January isn't historically a month for big hit movies, but M. Night Shyamalan's Split has become just that. Packed with a surprising twist ending and an amazing performance from James McAvoy, the film rode high on critical reviews and has now won two box office weekends in a row. Looking at the numbers, it's a legitimate success story, and won that studios could actually learn a lot from.

Below and on the next few pages, we'll dig into what it is about Split that is legitimately special, and what the industry could take away from it as a whole. It should be noted that we will be heavily discussing the very end of the movie, so before we dig in...

SPOILER WARNING: The following article contains absolutely massive spoilers for the end of M. Night Shyamalan's Split. If you have not yet seen the film, and don't wish to know any details about the movie, please bookmark this link and return to this feature after your screening!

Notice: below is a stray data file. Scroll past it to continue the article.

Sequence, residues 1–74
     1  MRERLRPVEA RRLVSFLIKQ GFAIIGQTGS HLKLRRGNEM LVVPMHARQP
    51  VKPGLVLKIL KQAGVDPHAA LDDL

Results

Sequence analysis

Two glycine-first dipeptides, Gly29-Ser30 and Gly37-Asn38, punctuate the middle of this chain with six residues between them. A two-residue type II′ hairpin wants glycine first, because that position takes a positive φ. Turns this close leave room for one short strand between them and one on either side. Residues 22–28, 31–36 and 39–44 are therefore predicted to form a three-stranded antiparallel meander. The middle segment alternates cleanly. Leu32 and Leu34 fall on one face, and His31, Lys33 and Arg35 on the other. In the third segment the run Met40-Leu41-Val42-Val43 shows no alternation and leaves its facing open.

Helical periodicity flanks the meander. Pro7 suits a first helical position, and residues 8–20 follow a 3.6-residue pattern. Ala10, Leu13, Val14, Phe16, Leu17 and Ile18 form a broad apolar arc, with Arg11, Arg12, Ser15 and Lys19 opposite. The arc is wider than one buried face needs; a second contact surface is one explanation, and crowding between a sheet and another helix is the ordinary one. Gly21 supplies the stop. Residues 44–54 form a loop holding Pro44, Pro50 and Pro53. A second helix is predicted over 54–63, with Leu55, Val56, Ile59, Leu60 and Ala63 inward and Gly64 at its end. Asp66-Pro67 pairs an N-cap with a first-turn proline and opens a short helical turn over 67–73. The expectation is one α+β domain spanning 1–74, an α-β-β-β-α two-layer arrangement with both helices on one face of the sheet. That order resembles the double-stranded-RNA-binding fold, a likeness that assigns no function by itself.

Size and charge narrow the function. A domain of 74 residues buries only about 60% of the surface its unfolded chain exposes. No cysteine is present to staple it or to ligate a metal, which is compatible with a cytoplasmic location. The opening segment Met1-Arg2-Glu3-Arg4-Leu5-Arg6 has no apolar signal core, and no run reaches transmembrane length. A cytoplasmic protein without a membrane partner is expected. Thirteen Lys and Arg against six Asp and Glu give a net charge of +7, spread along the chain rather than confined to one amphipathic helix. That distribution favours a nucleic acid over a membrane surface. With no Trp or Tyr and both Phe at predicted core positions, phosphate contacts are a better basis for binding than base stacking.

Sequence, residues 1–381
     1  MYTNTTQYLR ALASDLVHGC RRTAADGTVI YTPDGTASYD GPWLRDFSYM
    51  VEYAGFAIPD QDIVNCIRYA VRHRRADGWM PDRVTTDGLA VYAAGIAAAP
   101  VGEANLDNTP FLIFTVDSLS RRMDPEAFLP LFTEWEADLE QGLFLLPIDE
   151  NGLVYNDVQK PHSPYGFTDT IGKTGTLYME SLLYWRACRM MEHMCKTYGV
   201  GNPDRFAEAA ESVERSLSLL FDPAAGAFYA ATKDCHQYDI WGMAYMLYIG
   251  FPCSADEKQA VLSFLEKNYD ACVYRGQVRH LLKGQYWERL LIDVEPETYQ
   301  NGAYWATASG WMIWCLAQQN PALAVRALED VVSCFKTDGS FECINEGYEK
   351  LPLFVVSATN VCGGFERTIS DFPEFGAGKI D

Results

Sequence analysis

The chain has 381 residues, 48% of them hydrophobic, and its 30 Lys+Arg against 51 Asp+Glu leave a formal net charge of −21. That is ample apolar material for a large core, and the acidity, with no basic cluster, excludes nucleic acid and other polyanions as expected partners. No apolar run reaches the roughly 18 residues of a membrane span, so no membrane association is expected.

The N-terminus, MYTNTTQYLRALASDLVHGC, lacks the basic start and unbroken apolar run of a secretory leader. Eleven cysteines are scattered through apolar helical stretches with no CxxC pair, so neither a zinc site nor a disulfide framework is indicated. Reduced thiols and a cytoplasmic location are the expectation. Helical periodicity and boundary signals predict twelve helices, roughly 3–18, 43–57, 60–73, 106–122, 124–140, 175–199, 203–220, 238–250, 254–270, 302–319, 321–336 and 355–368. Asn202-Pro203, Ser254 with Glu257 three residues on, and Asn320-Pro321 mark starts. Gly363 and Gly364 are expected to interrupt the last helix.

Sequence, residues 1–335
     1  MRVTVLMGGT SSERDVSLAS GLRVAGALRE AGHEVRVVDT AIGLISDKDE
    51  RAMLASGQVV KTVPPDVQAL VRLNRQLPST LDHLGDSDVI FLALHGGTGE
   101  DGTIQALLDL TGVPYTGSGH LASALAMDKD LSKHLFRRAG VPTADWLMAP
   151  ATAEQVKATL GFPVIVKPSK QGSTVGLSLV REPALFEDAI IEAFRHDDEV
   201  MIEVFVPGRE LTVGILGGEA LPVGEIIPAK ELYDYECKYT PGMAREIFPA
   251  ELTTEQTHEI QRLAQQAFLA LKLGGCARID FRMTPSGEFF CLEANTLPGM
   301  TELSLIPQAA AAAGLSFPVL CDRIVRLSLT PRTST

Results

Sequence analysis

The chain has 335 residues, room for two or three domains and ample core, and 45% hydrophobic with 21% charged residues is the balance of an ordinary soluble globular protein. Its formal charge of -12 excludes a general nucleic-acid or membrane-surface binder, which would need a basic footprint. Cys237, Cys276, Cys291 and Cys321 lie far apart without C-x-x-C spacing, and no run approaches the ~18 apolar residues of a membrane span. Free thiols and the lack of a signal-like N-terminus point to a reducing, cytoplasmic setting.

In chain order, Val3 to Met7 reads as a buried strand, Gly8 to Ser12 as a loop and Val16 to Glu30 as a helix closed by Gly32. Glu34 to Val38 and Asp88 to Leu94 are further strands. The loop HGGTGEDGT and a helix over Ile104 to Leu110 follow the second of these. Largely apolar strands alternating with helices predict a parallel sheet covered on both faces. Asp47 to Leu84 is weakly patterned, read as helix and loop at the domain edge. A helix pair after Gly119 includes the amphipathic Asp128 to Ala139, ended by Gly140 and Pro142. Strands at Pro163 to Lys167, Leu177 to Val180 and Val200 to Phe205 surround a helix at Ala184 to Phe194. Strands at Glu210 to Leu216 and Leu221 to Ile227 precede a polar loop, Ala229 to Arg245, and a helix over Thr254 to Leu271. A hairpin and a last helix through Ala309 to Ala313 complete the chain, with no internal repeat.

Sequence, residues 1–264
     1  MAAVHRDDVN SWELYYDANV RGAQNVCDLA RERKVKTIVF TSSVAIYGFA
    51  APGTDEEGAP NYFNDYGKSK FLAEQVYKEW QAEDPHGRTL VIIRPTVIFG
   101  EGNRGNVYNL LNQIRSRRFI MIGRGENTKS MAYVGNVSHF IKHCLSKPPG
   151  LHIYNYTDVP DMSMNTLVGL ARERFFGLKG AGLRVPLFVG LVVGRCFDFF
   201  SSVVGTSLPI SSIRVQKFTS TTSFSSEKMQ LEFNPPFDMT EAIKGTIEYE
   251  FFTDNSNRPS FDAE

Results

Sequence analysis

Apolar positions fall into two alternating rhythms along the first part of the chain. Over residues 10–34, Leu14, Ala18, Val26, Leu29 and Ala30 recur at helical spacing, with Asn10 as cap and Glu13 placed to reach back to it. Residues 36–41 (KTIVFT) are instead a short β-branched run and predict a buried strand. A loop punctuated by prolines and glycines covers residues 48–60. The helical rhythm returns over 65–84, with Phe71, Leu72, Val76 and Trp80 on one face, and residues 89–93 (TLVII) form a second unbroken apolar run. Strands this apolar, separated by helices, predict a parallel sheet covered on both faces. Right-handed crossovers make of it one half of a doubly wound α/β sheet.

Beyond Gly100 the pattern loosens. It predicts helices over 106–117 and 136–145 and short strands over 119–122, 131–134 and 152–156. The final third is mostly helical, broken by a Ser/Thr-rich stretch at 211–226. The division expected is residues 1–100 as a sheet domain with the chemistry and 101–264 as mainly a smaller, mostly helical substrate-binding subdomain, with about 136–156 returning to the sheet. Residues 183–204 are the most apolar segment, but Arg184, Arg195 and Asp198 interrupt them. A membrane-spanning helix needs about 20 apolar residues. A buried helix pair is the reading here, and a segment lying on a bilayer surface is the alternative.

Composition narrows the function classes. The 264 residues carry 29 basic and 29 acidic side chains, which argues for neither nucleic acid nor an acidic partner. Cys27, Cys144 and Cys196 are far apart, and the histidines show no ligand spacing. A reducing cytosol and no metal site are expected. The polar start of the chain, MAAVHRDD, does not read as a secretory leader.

Split

We Need More Outside The Box Sequels

Split didn't really need to be Unbreakable 2. Though certainly a bit dark and nihilistic in its conclusion, the movie does all come together as a complete and creepy thriller with a very strange protagonist/antagonist relationship. That being said, the pulpy sheen and genre change that the ending provides legitimately makes the film better as a whole, and it's a great choice that also spells exciting things for the future. It's also just a great example of a fresh way to create a sequel, and an approach that movie studios should be analyzing.

As M. Night Shyamalan has freely admitted, Split wasn't the easiest sell as a secret Unbreakable sequel, as it's clearly a powerful marketing angle that is just left on the table -- but Universal Pictures was willing to run with the idea, and it's clearly paid off in a big way. We're obviously not saying that every movie needs to be a clandestine follow-up to 17-year-old movies, but it certainly should be a clear example that there's many ways to approach and sell sequels in an age when they're being delivered to theaters practically every weekend.

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